Selecting a gearmotor type
The size or location of the space allocated to the drive system often dictates the choice between a right angle and an in-line gear reduction. Either system can be mounted in all positions using a motor base, gearcase foot (right angle gearboxes), or gearcase flange (parallel shaft gearboxes).
Worm gearing is most often utilized for right angle systems. Worm gear reductions of up to 70 to 1 per stage are common and compare to a maximum of 5 to 6 to 1 in small size (single stage) helical or spur gear parallel reduction. The sliding action of the worm gear engagement does result in a lower noise level, particularly when compared to a spur gear reduction. Bluffton Motor Works uses precision cut, induction hardened steel gears with the worm gear cut integral with the motor shaft. The system uses ball bearings in the motor, and sleeve bearings or needle bearings in the gearcase.
The efficiency per stage of parallel shaft gearing is higher than that of worm gearing and although either method may be used to obtain a desired reduction, the choice of a parallel shaft gearmotor will usually permit the use of a smaller motor. Helical gearing will normally run more quietly than spur gearing particularly in wider gears where progressive engagement of the gear teeth is more effective. Bluffton Motor Works uses precision cut, induction hardened steel gears with a helical gear used on the first stage and spur gears used on additional stages in parallel shaft gearmotors. The bearing system uses ball bearings in the motor, and sleeve bearings needle bearings in the gearcase.
Selecting and applying the proper gearmotor
The nature of the driven load must be understood to properly apply a gearmotor. It should be determined if the load is continuous or intermittent, constant load or shock load, friction or inertia load, and how fast the load will be accelerated or decelerated and stopped.
Most torque ratings are based on a normal 8-10 hour day continuous operation with a steady load. The only limitations to this duty cycle are the temperature of the motor, the lubricant temperature in the gearbox, and the strength of the gearing.
A specified period of operation, remove the normal motor and lubrication temperature limitation. Frequently, for operation of one or two minutes every hour, the maximum developing torque is used as the rated output torque of the gearmotor. For example, in terms of motor rating this means that a torque requirement of 6 inch-pounds, typical of a 1/6 HP motor, could be met by running a 1/12 HP motor at its breakdown rating if the duty cycle were short enough. In practice, a 1/8 HP rating is used to allow for production variances in motor output. This allows the customer to utilize a lower cost unit to meet his load requirement.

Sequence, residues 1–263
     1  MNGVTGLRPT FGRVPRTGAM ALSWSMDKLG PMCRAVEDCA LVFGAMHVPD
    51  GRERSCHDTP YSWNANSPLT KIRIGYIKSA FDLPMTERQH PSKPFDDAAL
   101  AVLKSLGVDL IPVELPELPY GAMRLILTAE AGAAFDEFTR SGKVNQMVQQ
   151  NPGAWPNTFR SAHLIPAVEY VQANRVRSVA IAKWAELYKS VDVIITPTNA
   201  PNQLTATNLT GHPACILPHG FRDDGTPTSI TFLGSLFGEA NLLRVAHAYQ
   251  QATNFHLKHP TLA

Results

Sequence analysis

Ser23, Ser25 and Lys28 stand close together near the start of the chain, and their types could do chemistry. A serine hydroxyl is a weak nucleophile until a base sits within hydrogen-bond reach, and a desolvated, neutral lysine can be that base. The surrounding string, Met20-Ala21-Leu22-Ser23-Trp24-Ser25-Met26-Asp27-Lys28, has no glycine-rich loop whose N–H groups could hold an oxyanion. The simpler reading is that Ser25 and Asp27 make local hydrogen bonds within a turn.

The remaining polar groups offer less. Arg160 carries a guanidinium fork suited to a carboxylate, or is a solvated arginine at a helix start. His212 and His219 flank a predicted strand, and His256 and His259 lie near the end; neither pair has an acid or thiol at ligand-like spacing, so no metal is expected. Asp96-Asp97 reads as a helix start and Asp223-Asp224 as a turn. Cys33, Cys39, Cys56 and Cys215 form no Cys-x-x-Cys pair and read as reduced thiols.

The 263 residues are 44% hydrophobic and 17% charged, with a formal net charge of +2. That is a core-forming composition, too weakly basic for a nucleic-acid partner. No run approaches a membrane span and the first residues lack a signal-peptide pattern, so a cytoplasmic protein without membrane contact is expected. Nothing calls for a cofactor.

In small gearmotor applications shock loads are not frequently encountered. Applying some safety factor of 1 through 3 to the continuous torque requirement and matching the gearcase to this load value usually compensates for shock loads. Worm gearing is more resistant to shock loading than spur or helical gearing because of the sliding action of the tooth engagement.
Inertia loads are more complex in that the time to reach running speed is critical. Friction loads require a determination of the breakaway torque necessary to start the load and the torque, normally of a lesser value, to maintain speed. Considering the gearing, too short an acceleration time could result in excessive gear loading and damaged gears, as would sudden braking either at the motor or at the gear box output shaft. Consideration should be given to a method of disconnecting the load at the same time power to the motor is interrupted, so that inertia attempting to drive back through the output shaft against the locked gearing cannot cause gear damage.
Rapid reversing of an inertia load compounds the problem of sudden stops by adding rapid acceleration in the opposite direction while the load tends to travel in the original direction. An interlock control that mechanically disconnects and brakes the load while power is reversed is recommended for this type of an application.
A correctly aligned, direct coupling will result in no side loading, however, when the output shaft of the gearmotor is coupled to the driven load by a pinion-gear, sprocket and chain, or pulley and belt, side loading of the output shaft and its bearing system is present. It is important that this side loading or overhung load does not exceed the overhung load capacity of the gearbox. Side loading varies with the type of coupling used and ranges from the minimum value presented by a chain coupling which is relatively slack to a maximum overhung load with a flat belt where belt tension is necessary to transmit torque. The overhung load rating is based on a load centered at 0.94 inches from the mounting face of the gearbox, and a 0.62 inch shaft diameter. Your Bluffton Motor Works representative can provide rating information for other shaft, load, and coupling configurations.
Directly coupled loads such as acme screws and helical pinions, which do not have their own bearing system, will reflect a thrust load back to the gearmotor output shaft. Standard gear units with sleeve bearing construction have very little thrust load capability. Bluffton Motor Works does have a modified thrust bearing system that can be used to accept limited thrust loads.
Available motor features
- All motor design types available: three phase, capacitor start, split phase, and permanent split capacitor
- Automatic, manual reset or no thermal protection – depending on the application
- Relay starting or Bluffton’s amazing Solid State Switch
- Custom shaft making capability using standard carbon or stainless steel
- Distinctive paints of different colors, finishes, and compositions
- Built to agency specifications by one or more of UL, CSA, NEMA, NEC and/or CE